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    The following form allows you to view linux man pages.

    Command:

    getpagesize

    
    
    

    SYNOPSIS

           #include <unistd.h>
    
           int getpagesize(void);
    
       Feature Test Macro Requirements for glibc (see feature_test_macros(7)):
    
           getpagesize():
               Since glibc 2.12:
                   _BSD_SOURCE ||
                       !(_POSIX_C_SOURCE >= 200112L || _XOPEN_SOURCE >= 600)
               Before glibc 2.12:
                   _BSD_SOURCE || _XOPEN_SOURCE >= 500 ||
                   _XOPEN_SOURCE && _XOPEN_SOURCE_EXTENDED
    
    
    

    DESCRIPTION

           The function getpagesize() returns the number  of  bytes  in  a  memory
           page, where "page" is a fixed-length block, the unit for memory alloca-
           tion and file mapping performed by mmap(2).
    
    
    

    CONFORMING TO

           SVr4, 4.4BSD, SUSv2.   In  SUSv2  the  getpagesize()  call  is  labeled
           LEGACY,  and  in  POSIX.1-2001 it has been dropped; HP-UX does not have
           this call.
    
    
    

    NOTES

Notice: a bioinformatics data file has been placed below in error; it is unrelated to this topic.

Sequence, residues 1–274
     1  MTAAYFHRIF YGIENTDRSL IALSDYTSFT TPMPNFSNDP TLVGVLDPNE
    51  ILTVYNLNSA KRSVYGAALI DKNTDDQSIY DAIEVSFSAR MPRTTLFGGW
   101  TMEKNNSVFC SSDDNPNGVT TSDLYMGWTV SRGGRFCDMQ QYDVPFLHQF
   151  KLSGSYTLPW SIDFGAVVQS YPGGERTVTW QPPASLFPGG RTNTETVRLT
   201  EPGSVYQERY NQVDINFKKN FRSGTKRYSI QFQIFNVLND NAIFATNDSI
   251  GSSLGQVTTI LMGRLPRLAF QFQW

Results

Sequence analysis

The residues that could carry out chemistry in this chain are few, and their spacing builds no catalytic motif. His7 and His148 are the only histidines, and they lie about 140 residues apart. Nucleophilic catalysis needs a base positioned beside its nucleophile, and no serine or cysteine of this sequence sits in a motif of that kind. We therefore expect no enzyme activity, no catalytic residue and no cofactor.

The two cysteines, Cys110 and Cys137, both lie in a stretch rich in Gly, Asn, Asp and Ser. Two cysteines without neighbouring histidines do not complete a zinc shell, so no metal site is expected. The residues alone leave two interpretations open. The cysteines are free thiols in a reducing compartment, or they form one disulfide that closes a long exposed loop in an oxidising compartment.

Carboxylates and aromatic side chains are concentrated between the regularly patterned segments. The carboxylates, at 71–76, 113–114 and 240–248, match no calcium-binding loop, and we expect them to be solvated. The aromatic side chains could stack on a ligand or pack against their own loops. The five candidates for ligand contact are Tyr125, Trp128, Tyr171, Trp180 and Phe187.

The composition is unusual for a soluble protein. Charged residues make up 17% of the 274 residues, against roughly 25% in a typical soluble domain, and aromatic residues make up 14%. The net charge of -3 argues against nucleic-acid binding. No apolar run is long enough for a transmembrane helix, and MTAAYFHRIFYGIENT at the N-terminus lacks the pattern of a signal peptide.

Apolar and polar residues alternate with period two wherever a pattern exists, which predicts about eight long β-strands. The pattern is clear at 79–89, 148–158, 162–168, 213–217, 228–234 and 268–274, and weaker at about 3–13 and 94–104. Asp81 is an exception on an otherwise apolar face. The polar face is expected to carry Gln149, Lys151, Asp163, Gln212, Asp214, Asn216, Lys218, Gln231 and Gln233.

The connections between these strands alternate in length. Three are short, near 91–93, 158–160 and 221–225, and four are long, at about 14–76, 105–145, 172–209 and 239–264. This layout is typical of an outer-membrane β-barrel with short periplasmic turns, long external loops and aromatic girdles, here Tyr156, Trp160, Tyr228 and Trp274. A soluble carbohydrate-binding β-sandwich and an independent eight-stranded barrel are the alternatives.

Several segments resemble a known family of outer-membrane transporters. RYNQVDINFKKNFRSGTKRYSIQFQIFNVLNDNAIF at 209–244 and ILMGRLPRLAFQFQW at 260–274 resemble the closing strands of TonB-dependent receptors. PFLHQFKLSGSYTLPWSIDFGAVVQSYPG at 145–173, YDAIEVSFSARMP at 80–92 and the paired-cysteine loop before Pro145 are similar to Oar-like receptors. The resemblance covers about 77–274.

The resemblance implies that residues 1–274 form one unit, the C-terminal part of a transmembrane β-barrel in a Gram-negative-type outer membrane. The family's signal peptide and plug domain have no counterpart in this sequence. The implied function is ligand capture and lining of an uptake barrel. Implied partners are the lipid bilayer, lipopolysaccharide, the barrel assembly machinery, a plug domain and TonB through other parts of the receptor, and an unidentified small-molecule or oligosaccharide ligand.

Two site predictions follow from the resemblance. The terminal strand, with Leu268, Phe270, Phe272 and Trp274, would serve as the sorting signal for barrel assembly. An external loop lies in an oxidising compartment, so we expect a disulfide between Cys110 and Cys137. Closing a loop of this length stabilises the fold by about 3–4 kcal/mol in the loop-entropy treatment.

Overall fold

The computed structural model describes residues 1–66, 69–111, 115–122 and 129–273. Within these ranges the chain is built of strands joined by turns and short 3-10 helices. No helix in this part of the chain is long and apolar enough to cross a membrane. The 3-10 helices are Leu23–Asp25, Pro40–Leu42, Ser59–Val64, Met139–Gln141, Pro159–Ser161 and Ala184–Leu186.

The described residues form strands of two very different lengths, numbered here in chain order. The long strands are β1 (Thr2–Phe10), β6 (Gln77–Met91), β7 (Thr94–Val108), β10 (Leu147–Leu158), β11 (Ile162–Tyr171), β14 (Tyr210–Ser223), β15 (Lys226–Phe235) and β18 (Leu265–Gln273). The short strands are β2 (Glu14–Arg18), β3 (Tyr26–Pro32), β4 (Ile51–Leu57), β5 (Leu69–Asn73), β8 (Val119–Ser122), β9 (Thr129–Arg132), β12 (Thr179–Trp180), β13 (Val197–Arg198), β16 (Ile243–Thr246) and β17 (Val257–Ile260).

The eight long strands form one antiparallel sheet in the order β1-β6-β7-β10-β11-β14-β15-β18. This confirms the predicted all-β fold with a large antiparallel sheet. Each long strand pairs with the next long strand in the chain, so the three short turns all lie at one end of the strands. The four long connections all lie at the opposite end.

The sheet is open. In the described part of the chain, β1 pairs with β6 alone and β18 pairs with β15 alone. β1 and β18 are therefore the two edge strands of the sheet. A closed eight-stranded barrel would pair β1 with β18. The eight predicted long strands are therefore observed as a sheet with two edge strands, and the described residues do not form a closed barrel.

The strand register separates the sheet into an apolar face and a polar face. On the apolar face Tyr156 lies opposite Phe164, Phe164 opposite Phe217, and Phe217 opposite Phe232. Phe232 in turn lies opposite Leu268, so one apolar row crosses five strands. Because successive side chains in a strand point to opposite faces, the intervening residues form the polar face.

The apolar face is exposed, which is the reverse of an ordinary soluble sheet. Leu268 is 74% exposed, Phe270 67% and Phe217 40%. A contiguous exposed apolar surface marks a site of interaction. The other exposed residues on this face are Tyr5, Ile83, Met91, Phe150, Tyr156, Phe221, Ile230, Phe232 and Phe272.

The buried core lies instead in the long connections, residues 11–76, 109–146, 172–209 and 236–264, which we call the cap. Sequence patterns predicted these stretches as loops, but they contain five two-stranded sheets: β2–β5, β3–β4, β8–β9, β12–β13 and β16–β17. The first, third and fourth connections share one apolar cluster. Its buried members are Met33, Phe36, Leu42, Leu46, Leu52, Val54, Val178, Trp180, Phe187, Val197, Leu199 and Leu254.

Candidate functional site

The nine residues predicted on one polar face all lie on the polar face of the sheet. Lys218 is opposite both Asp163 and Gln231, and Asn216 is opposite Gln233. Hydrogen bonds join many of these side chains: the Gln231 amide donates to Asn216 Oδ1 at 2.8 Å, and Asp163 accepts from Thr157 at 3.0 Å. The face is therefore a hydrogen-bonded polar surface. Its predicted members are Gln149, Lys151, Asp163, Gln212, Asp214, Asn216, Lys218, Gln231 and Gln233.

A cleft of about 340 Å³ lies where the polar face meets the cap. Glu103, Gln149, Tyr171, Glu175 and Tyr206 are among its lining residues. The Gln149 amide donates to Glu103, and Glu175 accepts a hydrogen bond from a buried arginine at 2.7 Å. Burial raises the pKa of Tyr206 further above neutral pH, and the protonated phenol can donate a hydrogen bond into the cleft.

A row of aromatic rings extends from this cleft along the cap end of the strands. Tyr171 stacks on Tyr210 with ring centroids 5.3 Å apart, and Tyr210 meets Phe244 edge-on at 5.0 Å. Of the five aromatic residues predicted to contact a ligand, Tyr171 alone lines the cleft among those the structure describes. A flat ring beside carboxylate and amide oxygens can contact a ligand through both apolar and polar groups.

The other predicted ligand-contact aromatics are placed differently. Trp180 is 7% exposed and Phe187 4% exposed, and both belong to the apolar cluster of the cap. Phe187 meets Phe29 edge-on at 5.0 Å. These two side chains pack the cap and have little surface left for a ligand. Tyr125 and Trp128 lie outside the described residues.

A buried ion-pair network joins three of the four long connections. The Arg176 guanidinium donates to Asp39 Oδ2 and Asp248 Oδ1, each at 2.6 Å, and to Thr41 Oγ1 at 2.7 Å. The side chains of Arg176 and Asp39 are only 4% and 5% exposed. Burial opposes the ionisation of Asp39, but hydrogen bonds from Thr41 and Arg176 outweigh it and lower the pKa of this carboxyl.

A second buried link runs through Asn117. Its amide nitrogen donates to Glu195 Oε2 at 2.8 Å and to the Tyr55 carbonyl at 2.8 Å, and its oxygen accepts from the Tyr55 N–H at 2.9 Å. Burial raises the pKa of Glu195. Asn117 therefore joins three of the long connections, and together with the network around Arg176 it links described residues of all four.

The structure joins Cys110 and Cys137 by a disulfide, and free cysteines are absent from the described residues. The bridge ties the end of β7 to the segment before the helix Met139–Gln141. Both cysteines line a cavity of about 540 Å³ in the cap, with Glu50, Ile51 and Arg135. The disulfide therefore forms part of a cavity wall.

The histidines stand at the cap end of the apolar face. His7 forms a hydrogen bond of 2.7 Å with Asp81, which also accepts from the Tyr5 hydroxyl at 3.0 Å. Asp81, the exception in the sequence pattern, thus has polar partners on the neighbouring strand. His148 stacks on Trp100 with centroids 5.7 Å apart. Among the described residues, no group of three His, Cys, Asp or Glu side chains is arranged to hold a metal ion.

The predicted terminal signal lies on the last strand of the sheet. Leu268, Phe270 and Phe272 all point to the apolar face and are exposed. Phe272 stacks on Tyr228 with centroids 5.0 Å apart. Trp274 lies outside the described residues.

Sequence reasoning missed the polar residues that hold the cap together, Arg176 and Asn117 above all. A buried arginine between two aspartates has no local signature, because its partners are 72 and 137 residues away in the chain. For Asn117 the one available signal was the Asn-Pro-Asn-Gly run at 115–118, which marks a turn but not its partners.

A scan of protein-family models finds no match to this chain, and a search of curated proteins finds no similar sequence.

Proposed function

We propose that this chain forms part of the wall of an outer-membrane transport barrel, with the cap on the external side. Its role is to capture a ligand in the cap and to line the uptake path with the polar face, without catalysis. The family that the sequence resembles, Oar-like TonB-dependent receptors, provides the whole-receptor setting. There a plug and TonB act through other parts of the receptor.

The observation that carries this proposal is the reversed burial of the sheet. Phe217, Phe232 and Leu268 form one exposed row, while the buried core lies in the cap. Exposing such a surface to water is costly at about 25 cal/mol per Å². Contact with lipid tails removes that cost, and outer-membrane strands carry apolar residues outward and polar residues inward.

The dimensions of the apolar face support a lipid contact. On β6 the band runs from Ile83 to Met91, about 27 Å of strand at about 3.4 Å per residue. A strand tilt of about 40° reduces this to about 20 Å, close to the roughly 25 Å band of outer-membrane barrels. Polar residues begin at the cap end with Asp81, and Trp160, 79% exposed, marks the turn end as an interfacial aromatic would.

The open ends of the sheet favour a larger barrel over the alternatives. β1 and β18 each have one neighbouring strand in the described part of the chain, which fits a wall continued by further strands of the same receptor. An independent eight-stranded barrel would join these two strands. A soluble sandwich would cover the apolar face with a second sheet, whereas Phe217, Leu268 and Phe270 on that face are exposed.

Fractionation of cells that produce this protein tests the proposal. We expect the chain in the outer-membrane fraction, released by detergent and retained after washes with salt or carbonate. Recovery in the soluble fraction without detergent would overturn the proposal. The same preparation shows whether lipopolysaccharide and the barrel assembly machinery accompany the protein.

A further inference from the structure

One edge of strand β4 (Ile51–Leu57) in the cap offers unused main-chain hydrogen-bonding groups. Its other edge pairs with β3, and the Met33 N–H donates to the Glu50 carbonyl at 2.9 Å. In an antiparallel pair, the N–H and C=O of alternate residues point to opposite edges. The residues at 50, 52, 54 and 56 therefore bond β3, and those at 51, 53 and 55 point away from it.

Portable applications should employ  sysconf(_SC_PAGESIZE)  instead  of
           getpagesize():
    
               #include <unistd.h>
               long sz = sysconf(_SC_PAGESIZE);
    
           (Most systems allow the synonym _SC_PAGE_SIZE for _SC_PAGESIZE.)
    
           Whether  getpagesize() is present as a Linux system call depends on the
           architecture.  If it is, it returns the kernel symbol PAGE_SIZE,  whose
           value  depends  on  the architecture and machine model.  Generally, one
           uses binaries that are dependent on the architecture  but  not  on  the
           machine model, in order to have a single binary distribution per archi-
           tecture.  This means that a user program should not find  PAGE_SIZE  at
           compile  time  from  a  header  file, but use an actual system call, at
           least for those architectures (like sun4) where this dependency exists.
           Here libc4, libc5, glibc 2.0 fail because their getpagesize() returns a
           statically derived value, and does not use a system call.   Things  are
           OK in glibc 2.1.
    
    
    

    SEE ALSO

           mmap(2), sysconf(3)
    
    
    

    Linux 2010-11-16 GETPAGESIZE(2)

    
    
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